Recording your voice (02) The microphone

Choice of microphone.

Choosing the right type of microphone is an important element for a good vocal pick-up result.


For a good recording of vocals in the studio, a condenser microphone will generally prove to be more suitable due to its higher overall fidelity and greater sensitivity (which will allow more tonal and dynamic detail to be captured).

If well chosen, a good microphone will have a sufficiently high mechanical strength to withstand even the exasperated dynamics of 'screamers'.


A wide-diaphragm condenser microphone will generally be preferable for a solo voice, because it will offer greater resistance to detonating and blowing consonants (especially at close range) and because it will produce a warmer and softer result (although in some respects it will be a little less 'faithful' than a narrow-diaphragm microphone).

Even a high-quality narrow-diaphragm (stylus) condenser, used at distances greater than 30 cm, with the right inclination and protected by an anti-pop sock, will still produce high-precision results, characterised by a very neutral colouration.

On the left some wide-diaphragm condenser microphones and on the right some narrow-diaphragm models. The former are generally better suited for recording solo vocals.


The tube microphone or, alternatively, the tube preamplifier, are capable of giving the sound some additional harmonics, resulting from a slight non-linear saturation.

This could give the sound an adaptive tonal enrichment, varying according to the different tonal and dynamic stresses determined by the singer in each performative instant.

This choice is generally viewed positively, due to the 'warmer' and 'richer' sound thus generated.

Sometimes, however, it may be perceived negatively, as it causes 'sound dirt', resulting from the superimposition of the harmonics generated by the valves, which in some cases may appear as slight distortion.

It will therefore be necessary to assess from case to case (and from item to item) which solution should be adopted.

To avoid the superimposition of multiple 'layers' of harmonic saturation, it will generally be inadvisable to use the tube microphone in conjunction with the tube preamplifier.

Here are three excellent tube microphones, in the offerings of Neumann, AKG and Rode; the first two have made recording history and have a very high price. The third, more modern, boasts more than excellent value for money.


The polar figure of the microphone describes its directive capacity.

For a reprise of the solo voice, a directional microphone with figure cardioid.

In the case of close-up shooting (up to 20 cm), a standard cardioid with the usual shooting angle of around 120° is generally preferable.

In the case of less close shooting, a narrow cardioid microphone (pick-up angle of about 80-90°) might be a better choice in order to limit the incidence of ambient resonance.

The narrow cardioid is also advisable in the case of closer resonance, where it is intended to be very limited.

At close range, however, the narrow cardioid will be more sensitive to the movements of the singer's head, thus risking losing some 'details' that may be accidentally 'out of focus'; in this case, it would be a good idea to advise the singer to always point the mouth towards the capsule.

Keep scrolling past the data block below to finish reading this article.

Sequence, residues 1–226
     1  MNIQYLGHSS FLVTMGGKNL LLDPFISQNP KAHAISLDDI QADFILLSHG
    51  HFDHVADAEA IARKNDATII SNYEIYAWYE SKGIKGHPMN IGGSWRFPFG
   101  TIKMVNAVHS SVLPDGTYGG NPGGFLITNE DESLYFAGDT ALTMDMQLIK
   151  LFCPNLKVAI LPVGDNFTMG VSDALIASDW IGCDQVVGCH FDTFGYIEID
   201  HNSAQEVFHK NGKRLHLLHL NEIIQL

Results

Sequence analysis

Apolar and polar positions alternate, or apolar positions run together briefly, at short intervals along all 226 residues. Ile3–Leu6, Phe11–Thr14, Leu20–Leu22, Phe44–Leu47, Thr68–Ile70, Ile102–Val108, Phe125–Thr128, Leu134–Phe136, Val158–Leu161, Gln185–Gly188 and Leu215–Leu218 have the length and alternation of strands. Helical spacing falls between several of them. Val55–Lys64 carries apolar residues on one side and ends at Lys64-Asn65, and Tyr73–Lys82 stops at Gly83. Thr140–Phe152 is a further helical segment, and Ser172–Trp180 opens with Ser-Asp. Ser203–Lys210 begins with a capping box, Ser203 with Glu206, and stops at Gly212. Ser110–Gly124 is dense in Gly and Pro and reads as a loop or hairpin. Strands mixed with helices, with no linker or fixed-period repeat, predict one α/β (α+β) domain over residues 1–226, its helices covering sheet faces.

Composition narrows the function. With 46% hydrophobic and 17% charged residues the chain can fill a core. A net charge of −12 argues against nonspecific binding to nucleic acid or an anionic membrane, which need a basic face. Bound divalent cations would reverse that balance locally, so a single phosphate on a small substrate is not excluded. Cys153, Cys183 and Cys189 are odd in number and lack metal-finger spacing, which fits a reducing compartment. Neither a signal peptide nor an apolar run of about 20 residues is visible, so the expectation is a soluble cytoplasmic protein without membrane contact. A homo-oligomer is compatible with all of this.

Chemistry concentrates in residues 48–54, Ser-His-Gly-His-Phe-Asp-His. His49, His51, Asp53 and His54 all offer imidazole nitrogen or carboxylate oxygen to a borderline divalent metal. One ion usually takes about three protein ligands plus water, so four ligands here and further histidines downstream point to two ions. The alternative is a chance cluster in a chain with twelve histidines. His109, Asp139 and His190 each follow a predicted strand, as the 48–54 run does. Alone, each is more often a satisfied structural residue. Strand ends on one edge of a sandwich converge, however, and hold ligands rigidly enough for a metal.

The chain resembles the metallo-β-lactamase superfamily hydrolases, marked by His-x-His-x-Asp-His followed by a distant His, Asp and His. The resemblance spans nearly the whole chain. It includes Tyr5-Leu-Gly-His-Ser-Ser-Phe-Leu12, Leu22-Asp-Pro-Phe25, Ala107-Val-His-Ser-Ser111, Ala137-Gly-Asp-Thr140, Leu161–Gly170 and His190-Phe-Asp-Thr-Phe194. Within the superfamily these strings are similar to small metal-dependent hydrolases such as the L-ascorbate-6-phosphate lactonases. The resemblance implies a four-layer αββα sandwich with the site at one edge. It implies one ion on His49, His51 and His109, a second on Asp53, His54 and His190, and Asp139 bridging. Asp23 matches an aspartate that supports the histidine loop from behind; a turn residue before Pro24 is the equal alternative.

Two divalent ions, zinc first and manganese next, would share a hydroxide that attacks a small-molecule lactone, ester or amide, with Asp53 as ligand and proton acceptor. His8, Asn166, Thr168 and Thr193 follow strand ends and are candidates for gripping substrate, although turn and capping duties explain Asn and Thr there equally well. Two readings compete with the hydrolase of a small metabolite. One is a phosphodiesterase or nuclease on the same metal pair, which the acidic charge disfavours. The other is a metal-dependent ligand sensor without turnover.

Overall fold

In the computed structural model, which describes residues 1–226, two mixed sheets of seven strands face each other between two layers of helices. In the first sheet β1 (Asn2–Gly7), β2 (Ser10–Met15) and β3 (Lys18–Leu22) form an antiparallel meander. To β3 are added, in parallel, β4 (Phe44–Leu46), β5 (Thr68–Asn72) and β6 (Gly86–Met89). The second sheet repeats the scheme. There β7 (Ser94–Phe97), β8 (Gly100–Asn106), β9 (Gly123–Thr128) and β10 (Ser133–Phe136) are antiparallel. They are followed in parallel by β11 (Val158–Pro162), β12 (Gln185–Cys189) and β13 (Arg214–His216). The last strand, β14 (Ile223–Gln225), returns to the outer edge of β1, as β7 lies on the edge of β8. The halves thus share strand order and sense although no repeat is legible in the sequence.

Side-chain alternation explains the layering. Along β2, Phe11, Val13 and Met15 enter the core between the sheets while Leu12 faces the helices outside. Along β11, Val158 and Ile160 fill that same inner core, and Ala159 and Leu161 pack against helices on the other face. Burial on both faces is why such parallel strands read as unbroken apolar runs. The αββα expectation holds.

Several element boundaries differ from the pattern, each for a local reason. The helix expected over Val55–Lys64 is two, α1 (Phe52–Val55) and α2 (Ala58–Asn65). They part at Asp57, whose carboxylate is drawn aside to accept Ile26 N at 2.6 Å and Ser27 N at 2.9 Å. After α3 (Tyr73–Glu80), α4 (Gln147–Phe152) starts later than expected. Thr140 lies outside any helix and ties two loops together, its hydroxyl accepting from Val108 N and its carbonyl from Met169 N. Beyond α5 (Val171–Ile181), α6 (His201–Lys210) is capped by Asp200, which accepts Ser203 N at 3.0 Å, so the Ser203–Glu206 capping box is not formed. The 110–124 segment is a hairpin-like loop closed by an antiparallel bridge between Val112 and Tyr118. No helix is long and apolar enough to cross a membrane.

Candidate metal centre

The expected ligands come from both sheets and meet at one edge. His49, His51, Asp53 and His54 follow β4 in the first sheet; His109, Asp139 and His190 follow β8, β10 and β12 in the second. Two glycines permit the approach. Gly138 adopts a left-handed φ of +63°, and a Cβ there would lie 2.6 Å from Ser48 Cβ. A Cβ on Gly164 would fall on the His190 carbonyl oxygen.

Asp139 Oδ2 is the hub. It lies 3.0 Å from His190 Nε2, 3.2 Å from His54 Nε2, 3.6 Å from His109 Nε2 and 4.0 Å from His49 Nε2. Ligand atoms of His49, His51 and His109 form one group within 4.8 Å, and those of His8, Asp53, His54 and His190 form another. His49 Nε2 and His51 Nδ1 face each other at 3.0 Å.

If an unshielded hypercardioid is used at the rear, it will be advisable to place a sound-absorbing screen behind it in order to prevent ambient reverberation from returning to the rear.

A diagram with various microphone polar figures


The issue here is to achieve the best possible coupling between various microphones and voice types.

Obviously, in a small studio equipped with a single wide-diaphragm condenser microphone, this distinction will not be taken into account as one will have to record each voice with the same microphone; but where it is possible, it might be important to make a judicious choice.

Merely as a personal example, having a Neumann U87, an Akg 414 ULS and a Rode K2 valve, I would generally lean towards:

  • the Neumann for timbrally clear male voices, especially with a low range
  • the Akg for high and/or thin female voices
  • the Rode K2 for all other standard applications

The above is, of course, a general guideline derived from my personal experience; in reality, each voice is a universe in itself, so it may be useful to attempt a comparison, if not even to use a simultaneous shot with two microphones (in which case they should be well in phase, in order to assess the possibility of using both at the same time).

Using the microphone

Many singers are well versed in the use of the dynamic stage microphone, and know how to vary its distance and angle at any given moment of the performance, in order to compensate for different vocal emissions and homogenise the result.

Some, on the other hand, are not able to handle the above with as much expertise, others do not even try.

Interaction with the microphone, if handled more moderately than live, is also a good thing to observe in the recording studio.

In the case of filming at a high distance (30 cm and above), however, it will be better to refrain from any compensatory movement, except for a slight rapprochement for singing the vocal parts in sub-voice.

At a certain distance, in fact, it will be easier to attenuate excess volume than to give gain to parts that are too low in volume due to the singer being too far away.

This article was extracted from the Handbook

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